On June 20, 1952, President Elpidio Quirino signed Republic Act Number 763, creating the Mindanao Institute of Technology, later renamed the University of Southern Mindanao. Its main campus spanned 1,000 hectares in Kabacan town.

After 5 years, President Carlos P Garcia issued a presidential proclamation allotting 7,200 more hectares as a reservation area for USM. 

The reservation, located in President Roxas and Arakan towns, is 67.5 kilometers away from the USM main campus in Kabacan. 

Prior to the proclamation, it was already inhabited by indigenous people, Muslims, and pioneer Christian settlers. Its fertile soil, bountiful resources, and good climate drew farmers to the area.

Carmelo’s father was one of the first inhabitants of the reserve who opposed the proclamation. “Although it was clear to them that it is a public land, they were already tilling the land even before the creation of the school,” said Carmelo.

According to an agrarian reform document obtained by, only 1,140 hectares of the total 5,018 hectares of the USM reservation area are being used. At least 3,800 hectares are “no longer actually, directly, and exclusively used or necessary for the purpose for which it had been reserved.”

Under Philippine laws, if government reserved lands are “no longer used or necessary for the purpose for which it was reserved,” and it is “suitable for agriculture,” the DAR has the mandate to “acquire and distribute to qualified beneficiaries under the Comprehensive Agrarian Reform Program.”

After negotiations between DAR and the school, all parties agreed to initiate “a transfer of the unutilized portion for distribution” to farmer-occupants.

Despite this agreement, from 1992 to the present, USM has refused to sign the Deed of Transfer for the reasons that the “authority to sign the deed was not delegated by the school’s board of regents,” and a condition that “affected farmers on the retained area of 1,000 hectares should be relocated.”

In March 2012, the Department of Justice issued an opinion that “if there is no legal impediment that can prevent” USM, its landholdings should be transferred to DAR.

In December 2016, the farmers staged a two-week protest to seek the “immediate transfer” of the landholdings. They also condemned the plan “to use the land for a rubber nursery and a processing plant.”

Church involvement

Before he was killed, Agorde was the coordinator of Caritas Philippines in implementing its program, “Empowering Farming Communities through Advocacy on Agrarian Reform, Social Enterprise, and Practice of Sustainable Agriculture.”

Gariguez said the primary purpose of the program is to “help farmers in titling their lands, which are under the agrarian reform program of the government.”

“Lobbying and dialogue to concerned agencies and parties are just among the many ways to aid poor farmers voice their interests,” said the priest.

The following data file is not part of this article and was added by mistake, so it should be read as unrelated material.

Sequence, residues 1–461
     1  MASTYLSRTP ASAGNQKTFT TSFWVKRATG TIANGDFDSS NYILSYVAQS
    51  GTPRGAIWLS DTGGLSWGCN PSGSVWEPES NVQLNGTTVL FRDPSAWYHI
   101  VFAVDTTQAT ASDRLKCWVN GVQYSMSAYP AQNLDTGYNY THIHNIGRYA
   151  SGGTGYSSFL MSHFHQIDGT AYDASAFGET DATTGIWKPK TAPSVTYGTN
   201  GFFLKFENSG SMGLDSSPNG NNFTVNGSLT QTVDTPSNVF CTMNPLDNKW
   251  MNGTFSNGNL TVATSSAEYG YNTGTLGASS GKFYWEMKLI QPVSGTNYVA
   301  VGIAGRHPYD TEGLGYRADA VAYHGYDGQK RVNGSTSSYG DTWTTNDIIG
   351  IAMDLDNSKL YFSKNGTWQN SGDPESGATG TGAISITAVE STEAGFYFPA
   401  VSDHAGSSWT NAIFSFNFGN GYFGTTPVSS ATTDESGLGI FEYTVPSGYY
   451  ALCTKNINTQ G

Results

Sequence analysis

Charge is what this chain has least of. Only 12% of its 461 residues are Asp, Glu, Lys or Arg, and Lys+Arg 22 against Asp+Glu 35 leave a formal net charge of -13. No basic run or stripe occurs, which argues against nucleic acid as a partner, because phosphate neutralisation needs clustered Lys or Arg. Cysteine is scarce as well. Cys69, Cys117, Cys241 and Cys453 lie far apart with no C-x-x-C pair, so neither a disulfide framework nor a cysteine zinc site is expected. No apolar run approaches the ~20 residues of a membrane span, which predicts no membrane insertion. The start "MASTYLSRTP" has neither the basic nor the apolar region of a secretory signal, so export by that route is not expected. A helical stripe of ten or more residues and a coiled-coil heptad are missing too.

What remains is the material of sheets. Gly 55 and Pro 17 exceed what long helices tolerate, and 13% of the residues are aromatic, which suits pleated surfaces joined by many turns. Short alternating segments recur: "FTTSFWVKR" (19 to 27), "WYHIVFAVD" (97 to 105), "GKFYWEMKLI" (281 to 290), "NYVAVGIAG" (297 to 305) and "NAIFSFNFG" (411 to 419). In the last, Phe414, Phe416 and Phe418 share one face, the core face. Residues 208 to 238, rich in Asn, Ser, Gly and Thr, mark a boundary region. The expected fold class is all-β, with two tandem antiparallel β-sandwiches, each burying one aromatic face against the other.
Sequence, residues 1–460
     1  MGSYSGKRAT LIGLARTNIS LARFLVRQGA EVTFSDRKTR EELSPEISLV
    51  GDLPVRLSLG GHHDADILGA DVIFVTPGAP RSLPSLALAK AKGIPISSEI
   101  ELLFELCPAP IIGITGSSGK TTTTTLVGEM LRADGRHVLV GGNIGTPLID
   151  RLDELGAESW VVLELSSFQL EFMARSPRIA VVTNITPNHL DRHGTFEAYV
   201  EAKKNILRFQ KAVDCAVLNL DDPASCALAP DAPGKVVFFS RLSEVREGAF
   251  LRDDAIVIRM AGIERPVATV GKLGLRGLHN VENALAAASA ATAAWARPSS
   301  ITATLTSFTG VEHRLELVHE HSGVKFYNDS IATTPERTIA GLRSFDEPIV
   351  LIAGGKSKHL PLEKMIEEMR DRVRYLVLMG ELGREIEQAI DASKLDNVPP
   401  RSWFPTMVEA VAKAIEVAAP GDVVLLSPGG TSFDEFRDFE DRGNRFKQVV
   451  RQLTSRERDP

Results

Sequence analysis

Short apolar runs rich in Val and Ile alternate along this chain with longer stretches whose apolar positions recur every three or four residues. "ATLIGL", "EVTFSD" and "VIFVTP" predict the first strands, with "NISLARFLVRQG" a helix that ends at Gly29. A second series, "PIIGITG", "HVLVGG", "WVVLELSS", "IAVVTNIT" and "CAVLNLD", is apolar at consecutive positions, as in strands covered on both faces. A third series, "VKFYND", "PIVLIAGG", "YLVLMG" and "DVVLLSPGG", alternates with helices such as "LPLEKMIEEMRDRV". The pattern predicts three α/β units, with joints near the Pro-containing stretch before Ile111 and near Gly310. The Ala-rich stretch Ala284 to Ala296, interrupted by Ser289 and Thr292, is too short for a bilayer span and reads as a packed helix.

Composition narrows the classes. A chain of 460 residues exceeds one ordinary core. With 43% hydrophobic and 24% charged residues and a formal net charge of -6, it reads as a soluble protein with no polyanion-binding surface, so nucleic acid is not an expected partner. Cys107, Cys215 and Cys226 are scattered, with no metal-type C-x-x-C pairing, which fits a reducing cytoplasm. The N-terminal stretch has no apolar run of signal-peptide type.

Agorde was instrumental in consolidating the farmers and documenting necessary information that would help organize and systematize their appeal.

“But it was not his only job,” noted Pragados. The priest said that the farmer was assigned to “administer a small social enterprise” like a communal rice outlet that would help farmers sell their produce, and provide affordable rice to the community.

The SAC also led the farmers in starting “a diversified and integrated organic farming” and other alternative sources of livelihood such as livestock, poultry, and other farming-related ventures.

“It is imperative that the Church is always at the side of the poor. We are here to empower them and give them options, while we assist them in pursuit of social justice,” said Pragados.

The priest said that the farmers’ continuing struggle to protect their land rights “have invited triggering factors” for harassment and human rights violations.

“The Church cannot just sit and pretend that everything is fine. As much as possible, we want to mediate between the parties with conflict, but it doesn’t mean that we will abandon the poor farmers in their struggle,” he added.

DAR’s commitment

DIALOGUE. Dialogue between the farmers and the Department of Agrarian Reform in Quezon City. Photo by Mark Saludes/Rappler

DAR’s Pahilga vowed to expedite the process and hold another dialogue with the landowners. 

“But the secretary is firm with the department’s mandate. Agrarian reform is not arbitrary and capricious,” said the lawyer.

In a position statement, Mariano said, “We remain steadfast that the subject landholdings herein be awarded to the farmers who are actually and directly cultivating them.”

Carmelo flew back to Mindanao the next morning. The farmer hopes that the situation will not escalate further. “But I am ready to do whatever it takes…until we get what is rightfully ours,” he said.

The peasant leader promised to exert all means to reach their goal, even if it means wearing his shoes again or selling his farm animal to buy an assault rifle. –

Add a comment

Sort by

There are no comments yet. Add your comment to start the conversation.

Summarize this article with AI

How does this make you feel?

Download the Rappler App!